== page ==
Wolf biologists usually howl to find out where the wolves are, but now they won’t have to. The Howlbox sends out a digital howl then analyses the howls that come back so that the wolves can be counted and tracked. Wolf biologists might need it in Montana, Wyoming and Idaho where federal protection for the wolves reintroduced in 1995 is about to end. Once wolves lose their endangered species status, state legislatures will decide how many to kill, and these legislatures are being heavily lobbied by sportsmen eager to go wolf-hunting. Last year, Idaho’s governor, C.L. 'Butch' Otter assured a rally of petitioning sportsmen "I’m prepared to bid for that first ticket to shoot a wolf myself."
29 March 2008
I was startled by wild turkey tracks today—huge and prehistoric-looking arrows in the snow. In lieu of seeing actual wild turkeys, I’ve had to content myself with the very fat grouse. In the mornings you can hear the rattle of the males beating their wings against their chests, along with the woodpeckers determinedly going at the pines.
It continues to snow. Some say it’s the snowiest winter since 1898, some since 1874. Either way, we passed the 100-inch mark some weeks ago.
The woods of New Hampshire
2 April 2008
It’s strange to think that I’ve been living in the shadow of one of the key sites in American eco-criticism. The artists’ colony is shadowed by Mount Monadnock, not only the most-climbed mountain in the world but one of Henry David Thoreau’s favourite climbs. Its name comes from an Abenaki word for 'mountain'. Talk to anybody here—the artists, the maintenance team, anyone—and Native American lore and language comes up sooner rather than later. The American nature writing I’ve read, too, seems pervaded by a sort of longing for the Native American connection with the land, in contrast to British nature writing where we don’t have the same sense of being latecomers to the landscape.
In Britain, though, we do have a long way to go in making our countryside feel accessible to those not born there. Go for a walk somewhere wild in Britain and you rarely hear an accent that isn’t English. The British landscape sometimes feels closed to those who aren’t connected to it by history or blood.
Historian Patrick Wright has even speculated that 'the English landscape might be a racist construct.' Certainly, the defensiveness towards American grey squirrels, Alaskan sitka spruces, Japanese sika deer, anything that isn’t thatched does veer towards xenophobia. Our eco-literature, too, rarely comes from anyone who doesn’t have an historical connection to the place they are writing about. But I’m hoping that will change, and is changing.
With only a week left here, I’m doing a lot of walking, taking photographs and gathering my thoughts. The Native American adage I’ve most often heard quoted here is that it’s not the noise you make with your feet that stops you seeing or hearing things but the noise in your head. I tried to be very quiet today, and managed to get closer than ever to some deer.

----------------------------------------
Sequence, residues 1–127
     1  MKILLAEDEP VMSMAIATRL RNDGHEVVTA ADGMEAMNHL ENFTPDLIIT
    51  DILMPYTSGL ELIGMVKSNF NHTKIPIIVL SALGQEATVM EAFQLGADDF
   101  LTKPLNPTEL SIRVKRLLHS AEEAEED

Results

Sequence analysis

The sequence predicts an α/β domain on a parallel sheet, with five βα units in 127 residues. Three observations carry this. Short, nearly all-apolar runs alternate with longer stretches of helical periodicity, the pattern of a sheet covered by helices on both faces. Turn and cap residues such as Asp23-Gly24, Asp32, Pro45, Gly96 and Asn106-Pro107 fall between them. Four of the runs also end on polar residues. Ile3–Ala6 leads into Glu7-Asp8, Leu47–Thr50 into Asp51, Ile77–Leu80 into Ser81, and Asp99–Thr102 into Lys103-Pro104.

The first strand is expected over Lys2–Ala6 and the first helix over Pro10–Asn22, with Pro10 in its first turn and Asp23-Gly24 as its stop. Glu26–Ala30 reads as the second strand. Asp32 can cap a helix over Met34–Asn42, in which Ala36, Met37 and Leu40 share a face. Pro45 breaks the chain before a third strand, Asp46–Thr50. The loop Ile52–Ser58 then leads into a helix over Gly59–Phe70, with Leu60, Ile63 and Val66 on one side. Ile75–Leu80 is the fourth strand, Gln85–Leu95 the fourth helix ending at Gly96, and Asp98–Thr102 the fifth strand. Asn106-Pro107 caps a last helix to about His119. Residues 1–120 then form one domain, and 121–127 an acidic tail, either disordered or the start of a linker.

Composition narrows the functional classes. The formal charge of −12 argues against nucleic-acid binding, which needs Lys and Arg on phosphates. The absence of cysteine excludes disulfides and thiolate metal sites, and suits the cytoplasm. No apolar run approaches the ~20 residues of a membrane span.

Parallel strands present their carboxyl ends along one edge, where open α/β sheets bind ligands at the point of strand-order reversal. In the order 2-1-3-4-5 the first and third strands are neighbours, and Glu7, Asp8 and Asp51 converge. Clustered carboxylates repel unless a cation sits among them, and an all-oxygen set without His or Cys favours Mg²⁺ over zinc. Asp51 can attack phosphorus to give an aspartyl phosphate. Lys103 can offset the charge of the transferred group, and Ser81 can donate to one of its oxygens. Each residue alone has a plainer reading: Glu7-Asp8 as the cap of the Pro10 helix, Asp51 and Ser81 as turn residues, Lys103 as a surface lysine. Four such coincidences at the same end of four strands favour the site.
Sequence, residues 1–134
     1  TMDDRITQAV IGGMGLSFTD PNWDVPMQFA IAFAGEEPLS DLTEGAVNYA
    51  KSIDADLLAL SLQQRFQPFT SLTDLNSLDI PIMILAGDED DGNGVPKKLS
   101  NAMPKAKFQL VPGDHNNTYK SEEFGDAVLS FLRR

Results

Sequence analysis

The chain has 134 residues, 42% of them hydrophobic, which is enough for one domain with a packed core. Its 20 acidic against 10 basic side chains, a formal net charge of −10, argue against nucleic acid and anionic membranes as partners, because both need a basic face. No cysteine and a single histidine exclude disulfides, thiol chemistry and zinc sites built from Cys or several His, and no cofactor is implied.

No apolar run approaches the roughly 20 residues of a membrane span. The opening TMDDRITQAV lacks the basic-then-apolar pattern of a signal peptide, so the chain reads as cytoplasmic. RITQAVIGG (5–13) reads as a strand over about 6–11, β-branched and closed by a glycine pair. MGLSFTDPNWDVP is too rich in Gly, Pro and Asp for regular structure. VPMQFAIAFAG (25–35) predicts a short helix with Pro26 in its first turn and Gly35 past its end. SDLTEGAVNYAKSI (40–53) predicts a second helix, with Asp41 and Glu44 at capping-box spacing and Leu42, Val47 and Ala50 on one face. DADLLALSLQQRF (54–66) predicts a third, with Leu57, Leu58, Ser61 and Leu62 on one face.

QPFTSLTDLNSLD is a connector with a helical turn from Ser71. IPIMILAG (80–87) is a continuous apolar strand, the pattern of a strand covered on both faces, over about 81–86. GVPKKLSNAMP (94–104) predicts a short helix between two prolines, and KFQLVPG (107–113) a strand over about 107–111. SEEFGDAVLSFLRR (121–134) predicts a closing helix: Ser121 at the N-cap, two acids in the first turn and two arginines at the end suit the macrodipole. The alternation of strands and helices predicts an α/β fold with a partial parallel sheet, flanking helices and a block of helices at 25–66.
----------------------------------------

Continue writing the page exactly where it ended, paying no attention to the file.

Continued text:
A deer in the woods
17 April 2008
Last night, Paul Lister who is trying to bring back wolves and other beasties to his Highlands estate was profiled on the BBC. The programme-makers resisted the temptation to call it 'Moose on the Loose', going for the less sensational 'Moose in the Glen', presumably because he plans to enclose the moose (and, if all goes to plan, wolves, bears, etc.) within a perimeter fence.
25 May 2008
The beavers are coming back!
The beaver has always been the front line of reintroductions in Scotland. Several conservationists have made the point to me that there is no hope for reintroducing wolves or bears when even beavers aren’t being let back in.
But now this is changing. The Scottish Environment Minister Michael Russell has said 'Yes' to a trial reintroduction of 16-20 beavers to Argyll. The beavers, which will be caught in Norway this autumn, put in quarantine and released next spring, will be the first in Scotland in 400 years.
They were originally killed for their soft, waterproof furs, for an oil they secrete, castoreum, which was used to make medicines and to enhance sexual potency, for their glands which were used as currency and because they were classed by the medieval church as fish rather than meat and so could be eaten over Lent.
Talking to the Sunday Herald, Russell cast the plan in oddly moral language: 'Beavers were an original victim of wildlife crime when they were exterminated and it’s time to rectify that.'
The comments on the piece (those which were not just puerile jokes) were mostly hostile. 'Sarah from Ontario' wrote: 'There are not enough trees in Scotland to satisfy the beavers.' Another wrote: 'Scotland must be prepared to pay the cost of repairing roads which will be flooded, property damage, etc.' To this, 'BM Glasgow' responded: 'You obviously have not been here and seen the millions of ugly non-native conifers poisoning the Highlands. They can eat all these as far as I care.' And 'Angus Macmillan' shot back with 'But non-native conifers are fast growing timber that can offset environmentally damaging imports. Better they eat the politically correct native rubbish that is planted by woodland charities first.'
Others pointed out that the beavers would benefit the landscape, by moving water around. I like the way beaver expert Derek Gow put it when he spoke at the 'Scary or What' conference: “Beavers water the world."
return to the first instalments of Samatha Ellis' Play Journal
return to the first instalments of Samatha Ellis' Play Journal